View of the main stage from my booth.
Festival attendees visit my booth.
In the coming weeks, I'll be sure to share more pics from my whirlwind of a summer. Hope you had a blast under the big warm sun this year as well ~♥~
A group taking advantage of the support is The Artisans of Western Mass, a collective of about 40 members who are encouraging Western Mass shoppers to stay local for their craft needs.
“Our idea was to piggyback on that idea and to educate people in our community that shopping local doesn’t just mean supporting local farmers but also supporting local artists and turning to them for local decor and accessories as well,” said Karen Ducey, a 28-year-old crafter from Shutesbury who helped form the group.
The collaborative, which formed in October of 2009, materialized from the popular craft shop website, Etsy. The website gives members the chance to join “street teams”, based on geographic location or type of craft, Ducey said.
The Western Massachusetts street team had about 100 members online, but when they had monthly meetings, the majority would not show up, she said. However, there was a core group of five people who consistently did and decided to form the Artisans of Western Mass.
“We wanted to create a physical presence in western Mass and not just an internet based one,” said Ducey, who primarily sells cloth wallets, checkbooks and pressed-leaf jewelry.
From there, the group has expanded to 40 artists from Western Massachusetts counties who work together by sharing skills, helping each other find spots on the craft show circuit and supporting new artists.
“By being part of an artisan collective, an artist is not on their own desert island while navigating the show season,” said a founding member Lou Leelyn, in an e-mail.
Leelyn, 33, makes “upcycled” bags and accessories out of un-recyclable plastic wrappers and packaging, like a small pocketbook made from a Sun Chips bag.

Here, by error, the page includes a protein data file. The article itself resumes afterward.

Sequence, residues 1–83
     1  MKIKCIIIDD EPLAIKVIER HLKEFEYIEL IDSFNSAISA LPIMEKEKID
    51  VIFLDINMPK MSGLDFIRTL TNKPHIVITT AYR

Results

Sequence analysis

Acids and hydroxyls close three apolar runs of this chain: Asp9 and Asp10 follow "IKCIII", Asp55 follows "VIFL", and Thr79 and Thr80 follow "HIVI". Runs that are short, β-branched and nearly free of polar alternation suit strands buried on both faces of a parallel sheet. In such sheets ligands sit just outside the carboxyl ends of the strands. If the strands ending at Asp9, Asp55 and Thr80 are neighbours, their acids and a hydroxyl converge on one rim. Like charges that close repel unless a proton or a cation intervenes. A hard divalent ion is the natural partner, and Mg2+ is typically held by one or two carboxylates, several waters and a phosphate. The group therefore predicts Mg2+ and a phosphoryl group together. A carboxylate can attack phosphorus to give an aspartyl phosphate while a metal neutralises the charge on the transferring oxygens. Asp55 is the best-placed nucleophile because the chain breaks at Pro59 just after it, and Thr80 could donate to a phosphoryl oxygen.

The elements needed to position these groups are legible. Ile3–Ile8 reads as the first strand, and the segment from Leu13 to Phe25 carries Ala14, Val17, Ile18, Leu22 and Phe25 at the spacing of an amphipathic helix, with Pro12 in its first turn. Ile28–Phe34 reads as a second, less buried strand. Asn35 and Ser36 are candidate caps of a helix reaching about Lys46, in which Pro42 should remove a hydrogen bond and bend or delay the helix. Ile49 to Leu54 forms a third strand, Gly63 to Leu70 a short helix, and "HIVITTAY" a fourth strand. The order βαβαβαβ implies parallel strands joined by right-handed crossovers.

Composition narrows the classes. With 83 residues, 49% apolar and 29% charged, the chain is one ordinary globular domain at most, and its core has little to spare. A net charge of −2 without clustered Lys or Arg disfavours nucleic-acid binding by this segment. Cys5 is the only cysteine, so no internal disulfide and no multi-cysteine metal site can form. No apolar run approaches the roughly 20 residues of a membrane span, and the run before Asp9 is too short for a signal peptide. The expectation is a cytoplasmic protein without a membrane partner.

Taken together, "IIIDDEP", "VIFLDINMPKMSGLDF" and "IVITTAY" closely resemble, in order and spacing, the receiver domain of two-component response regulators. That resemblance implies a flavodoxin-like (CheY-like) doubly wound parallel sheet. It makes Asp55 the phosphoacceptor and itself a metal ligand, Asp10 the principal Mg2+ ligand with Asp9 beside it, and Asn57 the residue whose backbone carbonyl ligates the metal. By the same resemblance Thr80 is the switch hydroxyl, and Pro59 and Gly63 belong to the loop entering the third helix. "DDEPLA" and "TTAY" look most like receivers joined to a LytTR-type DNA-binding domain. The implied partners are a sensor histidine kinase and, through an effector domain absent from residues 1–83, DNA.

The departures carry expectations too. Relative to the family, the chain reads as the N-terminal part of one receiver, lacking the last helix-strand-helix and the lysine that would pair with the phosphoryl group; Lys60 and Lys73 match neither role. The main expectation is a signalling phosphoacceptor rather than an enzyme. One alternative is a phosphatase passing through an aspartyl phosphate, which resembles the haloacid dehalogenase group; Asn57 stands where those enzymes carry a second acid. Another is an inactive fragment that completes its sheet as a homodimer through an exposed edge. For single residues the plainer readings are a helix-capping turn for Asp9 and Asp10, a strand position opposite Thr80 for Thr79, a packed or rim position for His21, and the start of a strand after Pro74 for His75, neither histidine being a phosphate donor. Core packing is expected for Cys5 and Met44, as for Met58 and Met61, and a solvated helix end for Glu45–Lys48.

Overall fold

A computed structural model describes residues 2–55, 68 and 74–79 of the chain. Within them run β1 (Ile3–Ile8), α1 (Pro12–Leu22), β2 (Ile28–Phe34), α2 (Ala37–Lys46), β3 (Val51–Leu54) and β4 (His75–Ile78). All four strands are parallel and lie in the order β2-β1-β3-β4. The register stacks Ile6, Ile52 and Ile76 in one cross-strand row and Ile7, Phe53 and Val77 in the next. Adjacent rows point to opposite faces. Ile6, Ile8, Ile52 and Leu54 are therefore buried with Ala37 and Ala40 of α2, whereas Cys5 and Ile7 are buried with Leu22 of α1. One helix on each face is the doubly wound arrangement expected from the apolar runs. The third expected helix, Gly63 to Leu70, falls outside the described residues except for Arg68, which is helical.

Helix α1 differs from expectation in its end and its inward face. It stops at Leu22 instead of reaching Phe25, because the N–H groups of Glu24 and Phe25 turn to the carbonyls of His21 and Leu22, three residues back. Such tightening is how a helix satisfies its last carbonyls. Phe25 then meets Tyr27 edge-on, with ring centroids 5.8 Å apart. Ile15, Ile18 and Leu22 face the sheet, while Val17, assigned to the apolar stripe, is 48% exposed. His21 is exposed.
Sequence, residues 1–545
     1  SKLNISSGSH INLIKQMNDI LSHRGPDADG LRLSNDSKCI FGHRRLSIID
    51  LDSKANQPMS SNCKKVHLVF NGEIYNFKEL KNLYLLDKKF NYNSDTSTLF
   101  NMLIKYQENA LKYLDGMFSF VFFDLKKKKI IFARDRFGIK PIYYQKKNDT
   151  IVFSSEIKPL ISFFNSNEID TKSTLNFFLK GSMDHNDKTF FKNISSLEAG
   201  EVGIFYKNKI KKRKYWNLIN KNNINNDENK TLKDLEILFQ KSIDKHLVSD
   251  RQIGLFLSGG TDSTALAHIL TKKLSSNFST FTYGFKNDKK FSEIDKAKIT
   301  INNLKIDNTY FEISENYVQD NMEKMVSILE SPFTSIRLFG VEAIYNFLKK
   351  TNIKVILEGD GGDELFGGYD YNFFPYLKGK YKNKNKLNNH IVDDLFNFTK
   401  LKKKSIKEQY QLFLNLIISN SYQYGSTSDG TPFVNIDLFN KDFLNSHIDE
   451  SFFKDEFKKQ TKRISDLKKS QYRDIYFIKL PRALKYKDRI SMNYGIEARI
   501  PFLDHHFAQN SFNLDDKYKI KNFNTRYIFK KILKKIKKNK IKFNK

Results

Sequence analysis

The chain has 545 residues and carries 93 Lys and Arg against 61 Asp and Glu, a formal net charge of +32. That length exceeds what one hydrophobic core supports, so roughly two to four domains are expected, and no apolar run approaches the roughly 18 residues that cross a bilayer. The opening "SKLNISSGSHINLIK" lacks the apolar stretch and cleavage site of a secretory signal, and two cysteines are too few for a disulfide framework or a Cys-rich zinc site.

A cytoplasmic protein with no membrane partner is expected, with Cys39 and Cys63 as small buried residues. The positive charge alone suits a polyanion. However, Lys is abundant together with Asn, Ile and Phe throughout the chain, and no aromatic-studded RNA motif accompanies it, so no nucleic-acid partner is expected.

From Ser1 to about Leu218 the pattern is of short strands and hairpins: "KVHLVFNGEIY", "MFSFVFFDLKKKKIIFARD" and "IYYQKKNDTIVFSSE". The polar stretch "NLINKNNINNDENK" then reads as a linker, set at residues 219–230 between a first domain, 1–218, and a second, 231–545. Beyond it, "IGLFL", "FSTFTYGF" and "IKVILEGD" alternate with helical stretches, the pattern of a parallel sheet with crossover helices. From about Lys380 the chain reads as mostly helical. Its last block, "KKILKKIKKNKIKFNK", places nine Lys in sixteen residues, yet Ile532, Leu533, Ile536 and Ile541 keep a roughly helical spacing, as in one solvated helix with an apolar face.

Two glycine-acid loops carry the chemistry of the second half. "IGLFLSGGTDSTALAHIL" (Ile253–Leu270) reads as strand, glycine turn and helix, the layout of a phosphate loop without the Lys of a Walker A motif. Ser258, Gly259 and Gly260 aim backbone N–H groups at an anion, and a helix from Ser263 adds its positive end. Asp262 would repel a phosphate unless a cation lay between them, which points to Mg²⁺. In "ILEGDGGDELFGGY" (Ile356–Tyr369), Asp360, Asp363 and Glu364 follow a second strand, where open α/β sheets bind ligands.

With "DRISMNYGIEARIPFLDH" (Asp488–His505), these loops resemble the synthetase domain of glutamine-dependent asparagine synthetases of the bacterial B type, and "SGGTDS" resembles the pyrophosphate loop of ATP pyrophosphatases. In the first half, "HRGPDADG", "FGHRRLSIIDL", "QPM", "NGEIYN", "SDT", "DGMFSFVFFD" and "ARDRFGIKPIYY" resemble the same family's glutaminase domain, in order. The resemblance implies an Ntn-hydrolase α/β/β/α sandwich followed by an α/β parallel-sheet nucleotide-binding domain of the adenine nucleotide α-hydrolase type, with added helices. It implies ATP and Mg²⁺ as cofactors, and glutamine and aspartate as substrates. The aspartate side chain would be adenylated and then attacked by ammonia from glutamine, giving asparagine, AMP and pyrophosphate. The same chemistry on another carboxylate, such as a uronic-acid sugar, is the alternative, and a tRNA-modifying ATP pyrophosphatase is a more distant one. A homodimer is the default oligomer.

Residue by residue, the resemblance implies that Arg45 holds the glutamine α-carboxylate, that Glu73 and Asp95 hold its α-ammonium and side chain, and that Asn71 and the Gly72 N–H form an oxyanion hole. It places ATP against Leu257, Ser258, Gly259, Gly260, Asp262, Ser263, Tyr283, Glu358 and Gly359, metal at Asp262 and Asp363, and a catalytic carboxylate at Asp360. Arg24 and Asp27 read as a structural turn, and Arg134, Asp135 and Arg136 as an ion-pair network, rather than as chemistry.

The sustainability also comes full circle within the group. “The trash that I make in my studio, I save and give it to Lou,” said Ducey.
Promoting their products and practices as green is an important selling point for their products, they said.
“I boast about everything that I do to make my shop green on Etsy,” Ducey said.
The collective also provide skill-sharing workshops on how to sell your shop as being very environmentally forward thinking as well as how to take better product photography and how to use credit card machines, she said.
Despite getting a later start, Leeyln says that the local crafting movement can be as successful as the locally grown food movement.
“Just as food is a necessity, so is art. There are baby showers, birthdays, holidays, weddings, and other occasions every day that need a little something to be purchased, she said.
“These items are being purchased at larger chain stores, malls, box stores and online from other states when an artist could be living right down the street who can provide a better product with less environmentally harmful materials.”
Artisans of Western Mass is one of several local artist collectives in Massachusetts, said Leelyn.
The group Berkshire Made, whose tagline is “buy locally, buy handmade”, has existed for about a year longer than Aristans of Western Mass, said Ducey. Unlike Artisans of Western Mass, there is closed enrollment and members have to apply and be voted in, said Ducey.
“There are many many other groups promoting the arts in the area but none are like us in the way we are using art to increase local economies through purchasing power,” said Leelyn.